mask

. . the sculpture gallery with double aspect and marble floor is 18C. It provides an environment for the neo-classical figures with a fragile quality. Touch it or make too loud a noise and it’ll shatter. A graceful staircase carries the visitor to the first floor of this once privately owned mansion in Rue Joseph Vernet in Avignon. The gallery and sumptuously grand 19C salon house an eclectic mix of paintings and sculptures . . . .

avignon-29-12-2012-21

staircase 2

staircase

1st floor

. . . views down to the courtyard show the usual, simple and correct contained landscape. Fussiness in planting is not required with such stylish architecture. So the role of the garden is for tree planting to provide shade under which to relax in the hot Provence summer sun and  . . .  mentioned by Stendhal as ” large trees of the garden”  in his Memories of a Tourist.

c yard

To the north, the humble arched portal of a side access is dwarfed now by more recent bâtiments.

exterieur

The foundation contains objects, paintings, tapestries, faïence, bronzes, books, coins and decorative metalwork accumulated by 2 enlightened benefactors, Esprit Calvet and Marcel Puech. Calvet also collected ancient Egyptian artefacts. The solemnity of the aura surrounding the display of these was broken by a party of young school children doing a lot of colouring in on fact sheets. Giggles, some tears and general hubbub of teaching and maintaining order passed around the cased mummies until suddenly, just before midday, the little people made a fast exit leaving a sense of calm to re-establish once again.

mummies

mummies2

mummies3

Small alabaster urns have their own presence set neatly within recesses as do the monumental vases in the entrance.

urns

avignon-29-12-2012-20

The winter sun is low and hardly touches the ground plane of the calade pebbles from the Rhone bed. Laid as a decorative carpet using only stones with brown tones.

front

How the light invades the Romantic room where the painting that was the talk of the 1850 salon is hung.

final

It sounded as if the Streets were running

And then – the Streets stood still –

Eclipse – was all we could see at the Window

And Awe – was all we could feel.

By and by – the boldest stole out of his Covert

To see if Time was there –

Nature was in an Opal Apron,

Mixing fresher Air.    Emily Dickinson

wall 1

Place Pie is one of Avignon’s main squares bordered by churches, many bars and restaurants, shops and the covered market, Les Halles. The market is on the ground floor of a 5 level parking garage which forms a portion of the north facing side. This facade has a most decorative finish.

wall small image

Running through the slanted 3 dimensional swirls of planted crocks, resembling cliff side terrain, runs 20 m of Iris japonica. Inside, early morning, there’s an opportunity to delve into more sumptuous delights also beautifully and skilfully laid out. The French are masters at presentation. Regular and perfectly formed shapes . . . .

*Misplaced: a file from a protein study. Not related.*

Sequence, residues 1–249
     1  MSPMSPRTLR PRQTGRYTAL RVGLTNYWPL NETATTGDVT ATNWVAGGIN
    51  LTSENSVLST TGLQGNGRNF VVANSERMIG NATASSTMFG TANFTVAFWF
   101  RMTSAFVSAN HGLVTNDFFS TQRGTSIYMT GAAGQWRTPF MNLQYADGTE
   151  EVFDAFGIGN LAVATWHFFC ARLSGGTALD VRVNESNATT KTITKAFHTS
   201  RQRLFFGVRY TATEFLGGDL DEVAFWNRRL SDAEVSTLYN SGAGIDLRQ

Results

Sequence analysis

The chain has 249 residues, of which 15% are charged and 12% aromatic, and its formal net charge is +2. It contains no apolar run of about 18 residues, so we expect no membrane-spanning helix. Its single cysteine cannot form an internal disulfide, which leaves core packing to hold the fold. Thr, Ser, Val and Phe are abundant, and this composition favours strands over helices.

legumes 1

. . . and the knobbly and irregular forms of organic produce.

legumes organic 2

Poor picture I’m afraid of the display of hats above the boulangerie stall.

pain 1

salade 1

Fresh leaves from the countryside and hams and salamis from Italy . . .

italian

. . the spice stall smells as good as it looks – full of eastern promise with cones of colourful,  dry and grainy powdery textures – great contrast to slippery shells on the coquillages stall.

epices

coquillages

To finish the meal, fruits confits and calissons from down the road in Aix en Provence.

fruits confits

calissons

Back outside, th dry seed heads float in front of the high roof. It’s a green tone landscape in early January . . .

wall 3

. . . but three hundred different species are planted on the 600 sq.m. surface. The image below shows the newly planted vertical garden. The wide expanse offered up an opportunity for Patrick Blanc to flex his artistic muscles and create a stunning horticultural canvas. Surprisingly dwarf conifers are included in the palette along with more usual suspects – cistus, helianthemum, salvia, dianthus and cytisus – now meshed together as the small leaved micraflora of algae flourished along with mosses and ferns.

wall just planted

Two alcoves on either side conjure up the effect of a rocky labyrinth as against a piece of flat tapestry style planting.

wall summer landscape

wall summer

When over the flowery, sharp pasture’s
edge, unseen, the salt ocean

lifts its form-chicory and daisies
tied, released, seem hardly flowers alone

but color and the movement-or the shape
perhaps-of restlessness, whereas

the sea is circled and sways
peacefully upon its plantlike stem.    William Carlos Williams  Flowers By The Sea